JAPAN DATA: Government data showed Asia's second-largest economy expanded at an annualized 2.5 percent in the third quarter. That's an improvement on an earlier estimate, reflecting stronger than expected business investment and rising inventories. Relatively firm wage figures also released Friday were further signs the economy is gaining momentum.
CHINA TRADE: China reported strong growth in both exports and imports in November in a reassuring sign for the world's second-biggest economy. Figures posted Friday on the customs department website show exports expanded 12.3 percent to $217.3 billion in November over the previous month, nearly double the 6.9 percent pace recorded in October.
QUOTEWORTHY: "The upshot is that Chinese trade looks to have been surprisingly strong last month. We expect exports to continue to perform well in the coming months on the back of strong global demand," Julian Evans-Pritchard of Capital Economics said in a commentary.
U.S. SHUTDOWN: Congress passed a stopgap bill to avert a government shutdown over the weekend. The move keeps the government running until Dec. 22, buying more time for unfinished talks on a range of issues and averting market risks for investors for the day.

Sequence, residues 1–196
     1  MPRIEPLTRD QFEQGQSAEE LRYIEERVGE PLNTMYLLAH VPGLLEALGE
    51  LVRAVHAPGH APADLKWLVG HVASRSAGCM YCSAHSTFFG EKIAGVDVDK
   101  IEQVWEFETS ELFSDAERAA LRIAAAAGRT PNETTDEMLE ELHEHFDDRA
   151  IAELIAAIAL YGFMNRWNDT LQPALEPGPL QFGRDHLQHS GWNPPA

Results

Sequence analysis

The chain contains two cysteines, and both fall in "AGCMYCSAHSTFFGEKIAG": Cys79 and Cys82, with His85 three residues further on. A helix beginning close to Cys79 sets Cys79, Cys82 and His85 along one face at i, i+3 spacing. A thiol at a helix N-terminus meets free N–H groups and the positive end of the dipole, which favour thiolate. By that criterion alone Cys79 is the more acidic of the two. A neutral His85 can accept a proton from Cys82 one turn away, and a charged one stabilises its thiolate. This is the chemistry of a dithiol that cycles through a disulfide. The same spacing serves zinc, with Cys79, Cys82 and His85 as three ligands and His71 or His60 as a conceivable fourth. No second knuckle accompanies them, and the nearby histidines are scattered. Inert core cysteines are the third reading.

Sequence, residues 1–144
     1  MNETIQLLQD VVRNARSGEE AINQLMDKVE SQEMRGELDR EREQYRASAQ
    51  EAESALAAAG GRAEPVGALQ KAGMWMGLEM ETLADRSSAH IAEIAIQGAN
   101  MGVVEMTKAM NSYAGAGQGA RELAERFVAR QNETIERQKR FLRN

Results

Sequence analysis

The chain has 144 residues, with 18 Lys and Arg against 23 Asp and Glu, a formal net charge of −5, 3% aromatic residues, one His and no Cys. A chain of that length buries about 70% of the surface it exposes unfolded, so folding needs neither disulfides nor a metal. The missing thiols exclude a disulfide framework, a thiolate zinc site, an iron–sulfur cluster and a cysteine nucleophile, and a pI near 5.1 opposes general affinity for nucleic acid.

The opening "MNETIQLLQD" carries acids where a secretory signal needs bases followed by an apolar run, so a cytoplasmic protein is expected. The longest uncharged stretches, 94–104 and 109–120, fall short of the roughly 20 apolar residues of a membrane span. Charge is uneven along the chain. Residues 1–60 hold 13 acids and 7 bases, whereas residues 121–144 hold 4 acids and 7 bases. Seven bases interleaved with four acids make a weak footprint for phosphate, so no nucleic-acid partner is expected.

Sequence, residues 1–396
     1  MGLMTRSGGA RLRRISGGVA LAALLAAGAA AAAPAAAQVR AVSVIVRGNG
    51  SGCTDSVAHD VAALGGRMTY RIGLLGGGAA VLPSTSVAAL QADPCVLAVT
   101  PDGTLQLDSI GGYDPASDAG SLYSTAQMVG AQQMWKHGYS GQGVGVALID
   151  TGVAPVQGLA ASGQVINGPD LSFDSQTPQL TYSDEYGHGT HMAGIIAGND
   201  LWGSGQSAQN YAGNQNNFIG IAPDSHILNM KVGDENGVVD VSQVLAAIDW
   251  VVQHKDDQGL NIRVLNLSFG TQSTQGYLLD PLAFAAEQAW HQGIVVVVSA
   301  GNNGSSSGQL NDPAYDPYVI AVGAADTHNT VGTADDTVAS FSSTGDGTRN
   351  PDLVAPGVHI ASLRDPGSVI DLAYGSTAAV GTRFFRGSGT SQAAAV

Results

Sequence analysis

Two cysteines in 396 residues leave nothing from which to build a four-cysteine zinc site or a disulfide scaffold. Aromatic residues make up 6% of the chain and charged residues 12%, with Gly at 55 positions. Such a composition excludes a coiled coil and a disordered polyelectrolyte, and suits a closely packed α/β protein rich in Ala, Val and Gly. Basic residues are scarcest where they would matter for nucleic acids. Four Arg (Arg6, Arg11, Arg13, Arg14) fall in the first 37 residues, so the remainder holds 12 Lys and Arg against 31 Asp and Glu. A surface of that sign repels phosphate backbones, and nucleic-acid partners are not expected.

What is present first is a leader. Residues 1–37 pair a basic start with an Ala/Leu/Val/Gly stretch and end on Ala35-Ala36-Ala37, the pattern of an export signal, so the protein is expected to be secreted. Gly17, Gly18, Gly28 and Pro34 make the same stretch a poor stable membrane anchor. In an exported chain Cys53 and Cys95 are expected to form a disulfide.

WALL STREET: Major U.S. benchmarks perked higher following a weeklong lull. The S&P 500 rose 0.3 percent to 2,636.98, the Dow Jones industrials average rose 0.3 percent to 24,211.48 and the Nasdaq composite gained 0.5 percent to 6,812.84
ENERGY: Oil futures retreated. Benchmark U.S. crude slipped 2 cents to $56.67 a barrel in electronic trading on the New York Mercantile Exchange. The contract added 73 cents to settle at $56.69 per barrel. Brent crude, the international standard, lost 1 cent to $62.19 a barrel in London.
CURRENCIES: The dollar rose to 113.40 Japanese yen from 113.10 yen late Thursday. The euro dipped to $1.758 from $1.1774.